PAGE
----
Written by Aaron Ruben | Directed by Bob Sweeney

Barney is the focus of this well-liked outing, also scripted by Ruben, as the nervous Mr. Fife is pleasantly surprised when a pair of menacing farmers with an attitude problem cower in his presence. Of course, what he doesn’t know is that Andy has instilled a false sense of fear in them about the deputy… a fact they soon learn, forcing Barney to eventually stand up to them on his own. It’s not a riot like the others here, but you’d be hard-pressed to find a better show that encapsulates the Barney character and his relationship with Andy. Allan Melvin guests.

04) Episode 74: “Convicts-At-Large” (Aired: 12/10/62)

Barney and Floyd are captured by three escaped female convicts.

Written by Jim Fritzell & Everett Greenbaum | Directed by Bob Sweeney

My choice for the season’s Most Valuable Episode (MVE), this hysterical offering is credited to Fritzell and Greenbaum, former Mister Peepers writers whose names are on many of this year’s finest because they understand the components of the series’ identity and have an ability to display it all with a sense of humor that exceeds even this peak era’s elevated baseline. Indeed, it’s the outrageous laughs that make this my pick for the season’s best — it’s the year’s funniest, and there’s stiffer competition than usual — due to both a fun premise featuring three great broads as hard up lady convicts (Reta Shaw, Jean Carson, and Jane Dulo), all stellar character actresses with superb timing, and to the excellent work of Don Knotts and Howard McNear, the latter of whom finds his Floyd paired with Barney for the first time, after several shows where he sort of fills in alongside Andy as a proxy-Barney. It’s a shame McNear’s health kept him off the show for the next year, because, while his characterization never actually forms, he’s a funny, likable presence and works well with Knotts in the same way that Nabors’ Gomer can, and thus, he’s a positive — as this season, and this show in particular, proves.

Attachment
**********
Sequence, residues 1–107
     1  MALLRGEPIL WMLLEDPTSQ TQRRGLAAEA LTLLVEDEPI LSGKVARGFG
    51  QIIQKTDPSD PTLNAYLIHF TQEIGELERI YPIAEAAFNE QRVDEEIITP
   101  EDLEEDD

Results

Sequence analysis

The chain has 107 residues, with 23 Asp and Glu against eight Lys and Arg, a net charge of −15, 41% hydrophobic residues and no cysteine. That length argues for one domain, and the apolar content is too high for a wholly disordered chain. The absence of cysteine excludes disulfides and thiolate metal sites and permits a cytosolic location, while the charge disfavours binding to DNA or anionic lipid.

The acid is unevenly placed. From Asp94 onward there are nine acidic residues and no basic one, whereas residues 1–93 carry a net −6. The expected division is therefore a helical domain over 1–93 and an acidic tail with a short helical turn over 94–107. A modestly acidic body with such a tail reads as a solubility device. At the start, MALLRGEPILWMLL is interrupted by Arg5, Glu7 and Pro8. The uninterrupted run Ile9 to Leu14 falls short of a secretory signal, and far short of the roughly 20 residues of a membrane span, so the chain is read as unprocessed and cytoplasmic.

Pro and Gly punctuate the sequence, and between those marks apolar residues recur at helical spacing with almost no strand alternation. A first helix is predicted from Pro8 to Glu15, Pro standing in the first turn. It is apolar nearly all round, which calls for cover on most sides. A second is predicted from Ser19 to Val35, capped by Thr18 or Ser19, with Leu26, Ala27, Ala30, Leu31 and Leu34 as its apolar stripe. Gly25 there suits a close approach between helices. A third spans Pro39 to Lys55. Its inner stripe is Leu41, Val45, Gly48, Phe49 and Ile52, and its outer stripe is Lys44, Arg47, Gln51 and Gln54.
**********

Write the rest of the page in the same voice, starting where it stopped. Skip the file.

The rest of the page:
05) Episode 76: “The Bank Job” (Aired: 12/24/62)

Barney insists on proving that the Mayberry bank has poor security.

Written by Jim Fritzell & Everett Greenbaum | Directed by Bob Sweeney

Jim Nabors’ Gomer Pyle makes an inauspicious debut in this entry, in which he appears briefly as part of the crew that helps remove Barney from the vault into which he’s accidentally gotten himself locked, after the deputy’s scheme to discredit the lax bank security goes awry. Once again, Barney goes undercover in women’s clothes, giving Knotts the chance to do more physical comedy, proving just how valuable the Emmy-winning actor is to the series’ comedy.

06) Episode 78: “Barney And The Governor” (Aired: 01/07/63)

Barney fears a visit from the governor after accidentally giving him a ticket.

Written by Bill Freedman & Henry Sharp | Directed by Bob Sweeney

Another showcase for Knotts, this installment utilizes a memorable premise (not to mention support from the season’s new mayor, played by Parley Baer) as the deputy sheriff frets over a visit from the governor to whom he has just given a ticket… unaware that the politician is actually coming to commend him for a job well done. Thanks to Otis, Barney’s nerves are aided by a spiked water cooler, yielding a drunken Fife and a comedic centerpiece typical of this peak.

07) Episode 79: “Man In A Hurry” (Aired: 01/14/63)

A traveling businessman is in a hurry to fix his car and get out of town.

Written by Jim Fritzell & Everett Greenbaum | Directed by Bob Sweeney

A notable “small town” offering, this popular half hour by Fritzell and Greenbaum injects a guest star into Mayberry for a story template that I don’t usually like, especially when so much of the comedic action is driven by the outside force and not the characters about whom we care. But this is an exceptional excursion — and an exception to my rule — because it has a point to make by employing this design, contrasting the rapid pace of urbanity with the charming ease of rurality, itself embodied by all the regular townsfolk that inhabit this amiable small town. In contrasting styles and showing the value of the Mayberry way of life, the series is affirming its identity and one of the main reasons that we all like it so much. Another treasure.

08) Episode 87: “Aunt Bee’s Medicine Man” (Aired: 03/11/63)

Aunt Bee and her friends get drunk on a phony health tonic.

Written by John Whedon | Directed by Bob Sweeney